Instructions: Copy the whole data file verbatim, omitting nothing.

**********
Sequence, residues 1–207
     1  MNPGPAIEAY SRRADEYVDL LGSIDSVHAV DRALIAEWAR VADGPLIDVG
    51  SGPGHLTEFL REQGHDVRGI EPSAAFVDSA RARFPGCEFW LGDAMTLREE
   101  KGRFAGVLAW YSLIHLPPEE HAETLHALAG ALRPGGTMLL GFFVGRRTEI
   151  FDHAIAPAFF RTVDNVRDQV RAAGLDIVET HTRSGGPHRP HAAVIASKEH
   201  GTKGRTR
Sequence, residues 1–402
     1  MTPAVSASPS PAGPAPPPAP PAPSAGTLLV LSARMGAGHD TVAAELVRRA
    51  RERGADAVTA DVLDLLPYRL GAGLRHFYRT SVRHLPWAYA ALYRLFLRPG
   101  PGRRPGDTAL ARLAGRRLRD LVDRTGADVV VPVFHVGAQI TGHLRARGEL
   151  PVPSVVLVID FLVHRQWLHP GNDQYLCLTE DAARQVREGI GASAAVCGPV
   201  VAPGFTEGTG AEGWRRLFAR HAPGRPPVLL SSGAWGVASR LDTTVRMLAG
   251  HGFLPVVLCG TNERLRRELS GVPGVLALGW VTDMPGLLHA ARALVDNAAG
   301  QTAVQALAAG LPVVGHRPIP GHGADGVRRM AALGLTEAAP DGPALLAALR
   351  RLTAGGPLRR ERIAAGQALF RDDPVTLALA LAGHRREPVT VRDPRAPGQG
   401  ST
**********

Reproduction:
Sequence, residues 1–207
     1  MNPGPAIEAY SRRADEYVDL LGSIDSVHAV DRALIAEWAR VADGPLIDVG
    51  SGPGHLTEFL REQGHDVRGI EPSAAFVDSA RARFPGCEFW LGDAMTLREE
   101  KGRFAGVLAW YSLIHLPPEE HAETLHALAG ALRPGGTMLL GFFVGRRTEI
   151  FDHAIAPAFF RTVDNVRDQV RAAGLDIVET HTRSGGPHRP HAAVIASKEH
   201  GTKGRTR
Sequence, residues 1–402
     1  MTPAVSASPS PAGPAPPPAP PAPSAGTLLV LSARMGAGHD TVAAELVRRA
    51  RERGADAVTA DVLDLLPYRL GAGLRHFYRT SVRHLPWAYA ALYRLFLRPG
   101  PGRRPGDTAL ARLAGRRLRD LVDRTGADVV VPVFHVGAQI TGHLRARGEL
   151  PVPSVVLVID FLVHRQWLHP GNDQYLCLTE DAARQVREGI GASAAVCGPV
   201  VAPGFTEGTG AEGWRRLFAR HAPGRPPVLL SSGAWGVASR LDTTVRMLAG
   251  HGFLPVVLCG TNERLRRELS GVPGVLALGW VTDMPGLLHA ARALVDNAAG
   301  QTAVQALAAG LPVVGHRPIP GHGADGVRRM AALGLTEAAP DGPALLAALR
   351  RLTAGGPLRR ERIAAGQALF RDDPVTLALA LAGHRREPVT VRDPRAPGQG
   401  ST